Most cruisers stop at Clifton Harbour at Union Island because it is the first (and last, south bound) place in the Grenadines that you can clear customs and immigration. On previous stops there we found it a little rough around the edges with aggressive and unscrupulous boat boys. Additionally, a recent security event there (see; archive posting, The Dark Side of Cruising dated 10/9/2012) dissuaded us completely.
The islands North of Union Island in the Grenadines that are visited by cruisers are Mayreau, Tobago Cays, Canouan and Mustique. Previously we have skipped Mayreau and Canouan due to security concerns. Mayreau’s Salt Whistle Bay has unfortunately gained the nickname “Robbers Bay.” Tabago Cays requires very settled weather to be enjoyed (see: archive posting, Turtle Watching dated 7/14/2013). Mustique is interesting and should not be missed (see: archive posting, Mustique dated 11/26/2012), but for us it did not have much replay value.
Shipwreck near West Cay with the cruise ship Silver Whisperer in background anchored in Admiralty Bay.
So, we skipped most of the Grenadines and headed straight for Bequia. We have visited Bequia three times before (see: archive posting, Entrepreneurial Island dated 6/22/2012) and have found we enjoy the island more with each visit.
The Frangipani Hotel and the Whale Boner Bar
What is not to like? The eastern shore of the well protected Admiralty Bay is lined with restaurants and bars. Most are good, but I would give Tommy’s Mexican Food a pass, especially if you have spent any time in New Mexico and are use to really good Mexican food.
Motivator’s Verde Chicken Enchiladas
We were so disappointed that we had to make our own Mexican food a couple of nights later on Motivator.
Fritz on Phat Shag (PIC, politically incorrect)
We met the larger than life Fritz on our first visit to Bequia, every time since we have used one of his moorings. When you see Fritz regularly don a scuba tank to look at the moorings, you feel comfortable with their use. Besides, it seems if you are a Phat Shag customer, no one is going to mess with you.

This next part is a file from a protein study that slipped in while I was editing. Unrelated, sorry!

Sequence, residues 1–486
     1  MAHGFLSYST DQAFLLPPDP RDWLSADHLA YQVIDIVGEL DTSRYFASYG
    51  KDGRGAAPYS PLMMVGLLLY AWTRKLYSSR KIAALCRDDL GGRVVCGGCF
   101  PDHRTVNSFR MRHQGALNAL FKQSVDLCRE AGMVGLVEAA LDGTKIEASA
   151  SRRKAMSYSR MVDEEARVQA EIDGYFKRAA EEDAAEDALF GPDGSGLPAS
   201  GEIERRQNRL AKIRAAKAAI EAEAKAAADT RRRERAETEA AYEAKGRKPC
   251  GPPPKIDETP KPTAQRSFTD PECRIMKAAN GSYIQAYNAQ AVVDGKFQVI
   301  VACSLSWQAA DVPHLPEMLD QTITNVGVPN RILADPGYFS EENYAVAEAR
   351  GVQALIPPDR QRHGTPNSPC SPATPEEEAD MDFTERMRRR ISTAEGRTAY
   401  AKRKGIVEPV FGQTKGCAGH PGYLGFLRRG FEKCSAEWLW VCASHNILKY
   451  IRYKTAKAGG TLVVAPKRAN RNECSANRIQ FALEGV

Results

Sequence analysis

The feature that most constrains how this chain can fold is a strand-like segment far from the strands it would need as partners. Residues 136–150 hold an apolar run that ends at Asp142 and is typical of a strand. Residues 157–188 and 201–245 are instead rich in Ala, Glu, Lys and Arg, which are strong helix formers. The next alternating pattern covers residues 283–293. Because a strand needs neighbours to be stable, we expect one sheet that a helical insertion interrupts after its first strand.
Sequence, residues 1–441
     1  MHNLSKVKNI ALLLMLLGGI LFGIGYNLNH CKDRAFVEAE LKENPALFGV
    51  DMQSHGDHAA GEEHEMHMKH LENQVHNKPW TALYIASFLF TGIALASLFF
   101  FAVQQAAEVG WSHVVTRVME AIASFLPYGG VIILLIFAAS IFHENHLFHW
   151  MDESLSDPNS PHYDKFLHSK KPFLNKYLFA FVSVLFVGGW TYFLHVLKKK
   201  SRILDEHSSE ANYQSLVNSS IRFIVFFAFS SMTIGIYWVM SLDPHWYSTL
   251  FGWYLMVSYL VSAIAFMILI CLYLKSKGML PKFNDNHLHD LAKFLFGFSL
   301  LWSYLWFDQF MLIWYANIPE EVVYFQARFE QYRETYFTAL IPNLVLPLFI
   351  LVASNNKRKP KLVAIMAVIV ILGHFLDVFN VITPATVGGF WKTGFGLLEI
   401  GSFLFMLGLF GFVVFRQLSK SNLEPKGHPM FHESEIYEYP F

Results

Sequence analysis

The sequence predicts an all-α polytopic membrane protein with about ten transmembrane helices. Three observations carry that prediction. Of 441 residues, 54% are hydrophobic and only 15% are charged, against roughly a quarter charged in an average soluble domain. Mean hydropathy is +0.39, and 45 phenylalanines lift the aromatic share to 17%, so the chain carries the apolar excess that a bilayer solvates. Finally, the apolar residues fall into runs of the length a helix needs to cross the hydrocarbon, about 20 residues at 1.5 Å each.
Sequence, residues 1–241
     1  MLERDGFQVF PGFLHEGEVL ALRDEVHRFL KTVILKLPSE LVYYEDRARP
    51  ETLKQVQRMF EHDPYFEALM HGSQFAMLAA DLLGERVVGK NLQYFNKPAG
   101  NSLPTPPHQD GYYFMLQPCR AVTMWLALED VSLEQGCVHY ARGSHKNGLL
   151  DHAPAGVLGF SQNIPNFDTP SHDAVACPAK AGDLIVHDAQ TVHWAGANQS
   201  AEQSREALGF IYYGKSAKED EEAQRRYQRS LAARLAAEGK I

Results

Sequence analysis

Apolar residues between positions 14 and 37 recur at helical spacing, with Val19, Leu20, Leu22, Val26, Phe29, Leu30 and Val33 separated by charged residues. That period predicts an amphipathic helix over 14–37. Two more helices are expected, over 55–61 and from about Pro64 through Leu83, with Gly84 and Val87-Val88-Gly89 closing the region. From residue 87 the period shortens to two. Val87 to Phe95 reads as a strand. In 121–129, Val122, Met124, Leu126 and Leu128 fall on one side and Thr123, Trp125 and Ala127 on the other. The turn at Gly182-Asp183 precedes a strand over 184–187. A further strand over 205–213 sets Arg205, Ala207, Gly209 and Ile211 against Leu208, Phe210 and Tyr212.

Everything you need is a short dinghy ride from your boat. The town, Port Elizabeth, has several small grocery stores, ATMs, and a drug store. There is a large Rastafarian produce market, but we have found they try to “rip your face off” with their prices, so we use the smaller ones east of the ferry dock (Blackie’s is best). Tony Gibbons Beach (or Prince Margaret Beach depending on who you ask) is a nice place to swim and cool off. You can tie your dinghy to the dock adjacent to Jack’s.
The French Navy under the watchful eye of the St. Vincent and Grenadines Coast Guard delivering a canoe for the Bequia Maritime Museum.
Just being in the harbor watching all of the activity is a real treat. Yes, there is the occasional wake from the ferries, but we have had much worse. Watching the charter boats come and go is always entertaining. The vendors selling bread, produce, fish, laundry service, and yacht cleaning are always polite.
Moonhole, ‘70s utopian housing
We had planned on only being in Bequia a few days, but there were strong winds and waves predicted, so we decided to stay on a little longer. Then Pollie discovered there was going to be a book signing for Moonhole: The Rise and Fall of an Island Utopia, by Charles Brewer. “We must stay!”
I decided to use the delay as an opportunity to have a sunshade fabricated for the stern of Motivator. It seems that here in the trade winds we always have our stern pointing west in the afternoon making the back deck untenable for reading.
Chris and staff at Bequia Canvas measured, fitted, and sewed up a shade in only a few days. Why didn’t we do this on one of the other three visits to Bequia?